New In-House Exhibit
The Presbyterian Historical Society is pleased to announce the opening of “Presbyterians and the American Revolution,” an in-house exhibit at 425 Lombard Street in Philadelphia.
The new exhibit features sixty items from the Revolutionary War, its build-up, and aftermath. Original manuscripts, rare publications, digitized images, and evocative artifacts fill the PHS lobby. A related hallway display remembers Presbyterian celebrations of the centennial and bicentennial.
As with past PHS exhibits, "Presbyterians and the American Revolution" draws heavily on the Society’s permanent collections, displaying handwritten sermons by influential ministers such as John Rodgers, George Duffield, and Francis Alison; records detailing damage to churches and the lives of worshippers; and art objects connected to celebrated Loyalist and Patriot Presbyterians, including Flora MacDonald, James Caldwell, and Azel Roe.
A prominent new feature for this exhibit comes from outside PHS: loan materials from PC(USA) churches that were active during the revolution.
Participating congregations include Brick Presbyterian Church, New York City, NY; First Presbyterian Church, Trenton, NJ; Johns Island Presbyterian Church, Johns Island, SC; Old Pine Presbyterian Church, Philadelphia, PA; Old Presbyterian Meeting House, Alexandria, VA; and Springfield Presbyterian Church, Springfield, NJ. Hearty huzzahs go to church members, pastors, and staffers who made this collaboration possible: Margaret Holben Ellis, John Russell Allen, Tina Marshall, Ronald Shaffer, Donald Dahmann, and Linda Jurczak. Ron Vinson and Katelyn Powell at the Presbyterian Heritage Center in Montreat, NC, also provided generous material support.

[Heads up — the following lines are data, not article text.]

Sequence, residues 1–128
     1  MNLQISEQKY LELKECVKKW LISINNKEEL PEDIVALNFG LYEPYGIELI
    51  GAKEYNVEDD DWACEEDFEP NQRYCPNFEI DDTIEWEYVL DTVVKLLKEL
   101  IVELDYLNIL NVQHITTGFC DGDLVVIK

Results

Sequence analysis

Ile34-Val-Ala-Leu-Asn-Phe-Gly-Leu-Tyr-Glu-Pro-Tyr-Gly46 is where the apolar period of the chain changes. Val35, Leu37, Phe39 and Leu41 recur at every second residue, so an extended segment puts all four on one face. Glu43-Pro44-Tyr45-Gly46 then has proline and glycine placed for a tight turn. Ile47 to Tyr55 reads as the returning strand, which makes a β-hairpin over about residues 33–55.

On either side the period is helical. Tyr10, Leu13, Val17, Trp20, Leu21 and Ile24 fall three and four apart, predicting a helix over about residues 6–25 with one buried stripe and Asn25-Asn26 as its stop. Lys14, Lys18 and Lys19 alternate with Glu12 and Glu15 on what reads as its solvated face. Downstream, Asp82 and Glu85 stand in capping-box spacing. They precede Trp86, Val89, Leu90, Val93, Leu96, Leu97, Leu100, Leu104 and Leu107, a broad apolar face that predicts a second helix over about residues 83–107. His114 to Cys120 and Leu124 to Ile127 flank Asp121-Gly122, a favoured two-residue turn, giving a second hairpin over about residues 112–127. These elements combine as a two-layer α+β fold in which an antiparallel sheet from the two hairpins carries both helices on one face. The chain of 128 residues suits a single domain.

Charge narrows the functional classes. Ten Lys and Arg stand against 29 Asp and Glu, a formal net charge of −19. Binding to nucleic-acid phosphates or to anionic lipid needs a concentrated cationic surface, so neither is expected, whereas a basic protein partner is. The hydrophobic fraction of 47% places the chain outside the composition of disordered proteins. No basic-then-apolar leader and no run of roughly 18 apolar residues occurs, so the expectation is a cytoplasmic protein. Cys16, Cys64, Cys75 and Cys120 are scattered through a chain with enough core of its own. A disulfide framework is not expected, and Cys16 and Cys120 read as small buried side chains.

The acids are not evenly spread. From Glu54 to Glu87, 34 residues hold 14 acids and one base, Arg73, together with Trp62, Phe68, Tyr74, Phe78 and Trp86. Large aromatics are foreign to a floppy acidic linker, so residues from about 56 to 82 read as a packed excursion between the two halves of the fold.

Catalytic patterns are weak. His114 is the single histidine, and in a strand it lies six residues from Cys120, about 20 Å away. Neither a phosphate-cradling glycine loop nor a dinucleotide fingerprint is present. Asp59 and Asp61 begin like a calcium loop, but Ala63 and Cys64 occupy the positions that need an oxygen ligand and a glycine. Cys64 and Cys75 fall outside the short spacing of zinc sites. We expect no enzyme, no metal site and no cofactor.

Loaned items and PHS holdings combine to tell—and show—the broad story of Presbyterian attitudes toward the rebellion and its historical legacies. A 1789 newspaper containing published letters between the Moderator of the first PCUSA General Assembly, John Rodgers, and President George Washington complements a hand-written note from General Washington to Chaplain Rodgers from 1784. (The first four Presidents are represented in the exhibit through personal correspondence or manuscripts.) A 1767 letter from Benjamin Rush asking John Witherspoon to lead the College of New Jersey—today’s Princeton University—rests beside a 1784 Benjamin Franklin missive discouraging College of New Jersey president Witherspoon from attempting to raise funds in Europe. What's old becomes new again through such such juxtapositions.
Overview banners provide another new exhibit wrinkle, as does a new arrangement of display cases—firsts in the Society’s 50 years in Society Hill. Visitors have more space to view the exhibit’s four main sections and an improved exhibit flow. A relocated “angle” case displays items connected to Presbyterian chaplains from the revolution. Across the room, a roof shingle from the rebuilt Springfield church and a slave pew from Johns Island flank the Witherspoon grandfather clock.
PHS launched the exhibit to coincide with the opening of the Museum of the American Revolution, giving church groups, Presbyterian families, and other visitors to Society Hill a chance to explore the outsized role Presbyterians played in the nation’s founding in tandem with a visit to the new museum. PHS is located seven blocks away, and only five blocks from Independence Hall—the building where the signers of the Declaration of Independence made their lasting marks in July 1776. As "Presbyterians and the American Revolution" explains, twelve of the fifty-six were Presbyterian.
"Presbyterians and the American Revolution" will be exhibited until Winter 2018; beginning on July 4, explore the online version at www.history.pcusa.org. Church groups interested in viewing the exhibit and touring the building should contact Lorraine Brown, PHS Sr. Administrative Assistant. Researchers should contact the reference desk.
The Presbyterian Historical Society is open Monday to Friday, 8:30 to 4:30. All are welcome and attendance is free. Parking is available on a limited basis.
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